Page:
A full four chapters of this book are devoted to the dense setting of the 7 Skies, which ironically serves the primary purpose of catapulting characters into the action without bogging them down with too much back-story.  A kind of fantastical pseudo-18th Century world order is established among 6 primary sky islands and a plethora of secondary islands.  There are the intrigue-obsessed Barathi (more like 16th Century Italy under the Borges — noble houses and poison, etc.), the resolute Viridese (Nordic/Scandinavian-type folks), the passionate Colronan Royalty (France), their neighbors the aloof Colronan Zultanistas (Ottoman Turks), the cosmopolitan Crailese (think 19th Century New York with some religious nutjobs outside the city limits), the ascetic Sha Ka Ruq (a cross between the Congo and Japan — Orientalism meets Token Fetishism, but I digress), the rebellious Ilwuzi (a pirate isle in the Caribbean) and the lost island of Kroy (Atlantis… or Laputa).  Each nationality is basically an excuse to have a different flavor of sword-wielding badass, from a weapon-snapping, fur-wearing Viridese to a tough-talking, cutlass-bearing Ilwuzi and so forth.  Magic and skyships are smoothly integrated into a world system that is believable as a fantasy setting – Underkoffler did a great job of creating a world that’s basically one giant opportunity for adventure where one nevertheless knows what to expect in each port, so to speak.  Read enough of his Bibliography – with entries from Wu Ch’eng-en to Alexandre Dumas, from Neil Gaiman (Stardust, of course!) to Rafael Sabatini – and you will understand that the world exists to put crazily passionate people with swords at odds with each other in dangerous, exotic, and breathtakingly beautiful locales.

System, Shmystem

The PDQ system is also particularly well-executed in this book.  I played Spirit of the Century – another Evil Hat production and an RPG-geneaological predecessor to S7S that has you generate pulp characters who are starring in a number of cross-overs – and found it to be surprisingly difficult to master at first.  S7S, however, seems to have struck an enviably perfect balance between – using the terms of Ron Edwards’ Big Model theory – Setting Simulationism, Style Simulationism, and Narrativism.  “Whoa!” you say, reaching for your musket.  “Where’d all these landlubber ‘-isms’ blow into port from?”  In simpler terms, the game does a good job of A) giving players a deep and enriching established world to explore, B) allowing stylistic tropes from swashbuckling books/movies to become game mechanics (i.e., you can have your cape flapping in the wind give you game benefits), and C) encouraging creativity in the storytelling realm, as opposed to that of maximizing personal player power.  In S7S, if you succeed with your dice roll, you may narrate how you succeed.  If you fail, you get points toward giving your character an extra oomph in the future and can choose to narrate how they botched this job.  It allows for and encourages Princess Bride-style antics in the way that games like 7th Sea only vaguely dreamed about.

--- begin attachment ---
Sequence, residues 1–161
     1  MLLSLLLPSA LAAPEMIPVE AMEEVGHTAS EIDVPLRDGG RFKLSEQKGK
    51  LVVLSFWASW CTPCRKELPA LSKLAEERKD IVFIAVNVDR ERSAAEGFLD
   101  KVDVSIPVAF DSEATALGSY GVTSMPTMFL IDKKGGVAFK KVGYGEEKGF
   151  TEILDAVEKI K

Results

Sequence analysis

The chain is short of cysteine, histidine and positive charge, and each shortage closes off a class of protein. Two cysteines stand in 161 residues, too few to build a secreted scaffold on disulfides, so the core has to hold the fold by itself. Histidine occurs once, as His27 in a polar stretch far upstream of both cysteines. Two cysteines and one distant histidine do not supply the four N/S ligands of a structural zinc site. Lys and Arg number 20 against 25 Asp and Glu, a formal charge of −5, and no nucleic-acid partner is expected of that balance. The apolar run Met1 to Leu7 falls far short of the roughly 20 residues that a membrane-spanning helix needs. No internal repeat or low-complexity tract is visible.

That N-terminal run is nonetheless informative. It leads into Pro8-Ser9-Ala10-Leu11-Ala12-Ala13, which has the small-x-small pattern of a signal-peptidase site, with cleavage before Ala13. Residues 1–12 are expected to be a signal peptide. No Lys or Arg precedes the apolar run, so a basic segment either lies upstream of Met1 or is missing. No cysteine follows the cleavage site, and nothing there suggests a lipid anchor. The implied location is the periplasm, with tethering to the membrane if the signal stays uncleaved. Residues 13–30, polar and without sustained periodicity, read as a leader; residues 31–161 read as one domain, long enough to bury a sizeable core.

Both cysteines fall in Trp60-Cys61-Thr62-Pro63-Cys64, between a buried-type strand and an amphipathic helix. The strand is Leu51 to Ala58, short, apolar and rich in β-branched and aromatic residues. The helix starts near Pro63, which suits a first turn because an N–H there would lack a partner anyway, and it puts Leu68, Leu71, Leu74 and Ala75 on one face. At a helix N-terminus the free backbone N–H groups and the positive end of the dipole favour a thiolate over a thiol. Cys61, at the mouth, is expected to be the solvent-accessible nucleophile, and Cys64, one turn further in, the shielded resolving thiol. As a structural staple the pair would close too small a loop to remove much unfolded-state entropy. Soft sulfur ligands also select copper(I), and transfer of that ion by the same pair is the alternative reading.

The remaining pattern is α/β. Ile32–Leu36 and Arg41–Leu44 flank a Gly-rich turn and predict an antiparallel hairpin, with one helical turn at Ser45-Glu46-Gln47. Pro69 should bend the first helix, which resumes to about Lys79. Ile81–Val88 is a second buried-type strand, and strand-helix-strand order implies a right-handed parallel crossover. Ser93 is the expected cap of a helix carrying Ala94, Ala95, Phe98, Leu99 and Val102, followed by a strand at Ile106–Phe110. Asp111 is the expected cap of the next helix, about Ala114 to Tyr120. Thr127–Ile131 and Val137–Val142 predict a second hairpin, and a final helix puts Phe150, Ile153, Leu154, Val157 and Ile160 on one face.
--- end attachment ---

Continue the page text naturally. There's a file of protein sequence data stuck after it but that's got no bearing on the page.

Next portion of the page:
One of the nicer bits of the system is a comprehensive ship combat system that revolves around teamwork – a captain giving orders to a crew in the heat of battle – while preserving a dueling system that emphasizes the primacy of individual coolness.  Another is the Style Dice mechanic:  players get handed dice to use in their favor if the GM decides to screw them over rather nastily.  There is an economy established that notably resembles the narrative economy one witnesses in swashbuckling fiction.  All suffering becomes more pleasurable when the hero can take the sweeter reward in the end.

Why You Should Get This Game in Great Haste